Why credit card customers may be in line for bigger rewards

Lenders have been less than generous with credit card rewards. But, says James Daley, that could soon change

Credit-card reward schemes have been getting ever skimpier over the past year, as increasing numbers of lenders have trimmed back their benefits or even axed them altogether. Last year alone, Royal Bank of Scotland, Halifax and Egg all withdrew their cash-back credit cards, while Barclaycard severed its tie with the Nectar points plan towards the end of last summer.

The cutback in reward schemes has been driven by the increased demand for interest-free offers. With 0 per cent cards now attracting the largest numbers of new customers, lenders have been competing to offer ever-longer interest-free periods - often at the cost of all other types of rewards. But for the diligent credit-card user, who pays off their balance in full each month, credit-card reward schemes are still in demand.

"You end up with people having four or five cards in their wallets, which they are transferring their balance across," says Patrick Muir, of Morgan Stanley's consumer banking group. "But the card at the front of the wallet tends to be the one that gives something back."

Although there are still a handful of reward cards left on the market, new research from Morgan Stanley reveals that there is now an increasing gap between the value of rewards available. Its survey of 4,000 cardholders found that the average reward claimed over the past three months by customers of its cash-back card had a monetary value of £72, while the average value of rewards redeemed by American Express Nectar Card holders over the same period was just £45.

Most cards now provide a very small level of reward when converted into monetary terms. Although the best cash-back cards pay as much as 2 per cent back on purchases, borrowers may need to spend thousands of pounds on their card before they will benefit from this kind of handout. Such is the case with American Express's Platinum Card, which pays 2 per cent on all transactions for the rest of the year, once you have spent more than £7,500 on your card. If you spend less than £3,000 on your card in a year, you will get just 0.5 per cent cash-back.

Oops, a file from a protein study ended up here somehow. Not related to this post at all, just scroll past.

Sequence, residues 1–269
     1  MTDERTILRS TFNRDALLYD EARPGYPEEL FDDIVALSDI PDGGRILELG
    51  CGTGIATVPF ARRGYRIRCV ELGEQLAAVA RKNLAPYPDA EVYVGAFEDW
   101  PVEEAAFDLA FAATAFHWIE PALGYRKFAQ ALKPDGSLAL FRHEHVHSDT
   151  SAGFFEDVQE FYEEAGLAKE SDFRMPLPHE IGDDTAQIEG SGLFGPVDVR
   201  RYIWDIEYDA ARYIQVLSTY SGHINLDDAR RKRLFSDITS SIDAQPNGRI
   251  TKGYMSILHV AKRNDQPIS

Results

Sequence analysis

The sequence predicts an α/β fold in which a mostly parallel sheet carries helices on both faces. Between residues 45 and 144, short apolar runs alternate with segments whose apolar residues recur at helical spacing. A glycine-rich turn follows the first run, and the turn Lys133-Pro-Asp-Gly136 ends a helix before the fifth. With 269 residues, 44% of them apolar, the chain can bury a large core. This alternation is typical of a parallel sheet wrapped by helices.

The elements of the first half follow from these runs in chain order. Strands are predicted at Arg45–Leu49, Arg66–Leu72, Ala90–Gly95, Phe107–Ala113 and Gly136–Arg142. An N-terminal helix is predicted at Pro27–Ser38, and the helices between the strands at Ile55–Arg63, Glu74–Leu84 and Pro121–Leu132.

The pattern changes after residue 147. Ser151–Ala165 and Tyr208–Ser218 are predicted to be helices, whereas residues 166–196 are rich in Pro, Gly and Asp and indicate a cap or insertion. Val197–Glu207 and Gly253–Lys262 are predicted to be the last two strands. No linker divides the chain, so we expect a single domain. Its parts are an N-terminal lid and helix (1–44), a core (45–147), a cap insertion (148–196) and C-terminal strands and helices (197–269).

The Platinum card has a typical APR of 8.9 per cent and works well for big spenders. Most other cash-back cards pay 1 or 2 per cent on purchases for a limited period, before dropping back to 0.5 per cent. Morgan Stanley's offers 2 per cent until August, then drops back to 1 per cent. With the exception of Amex, interest rates on cash-back cards are usually not that competitive.

If it's a points card you're after, it becomes harder to compare the monetary value of the rewards. Amex's Nectar Card gives four points for every pound spent in a shop that participates in the Nectar programme. Elsewhere, you will just earn one point per pound spent. Around 200 Nectar points roughly equates to £1 -worth of rewards, which works out the same level of benefit as a 0.5 per cent cash-back card.

The best card for you depends on your spending habits. If you're a regular M&S or John Lewis customer, both of these stores offer excellent combined credit and reward cards. Both pay one point for every pound spent in store, and one point for every £2 spent elsewhere. Every 500 points is worth £5 back in vouchers. Egg-card users get big discounts at certain internet shops, while Airmiles card holders get one airmile for every £20 spent. Ten airmiles is roughly equivalent to £1.

Robert Kenny, of moneysupermarket.com, the comparison website, concludes: "Unless you spend an enormous amount, the value of most existing loyalty programmes is not very good."

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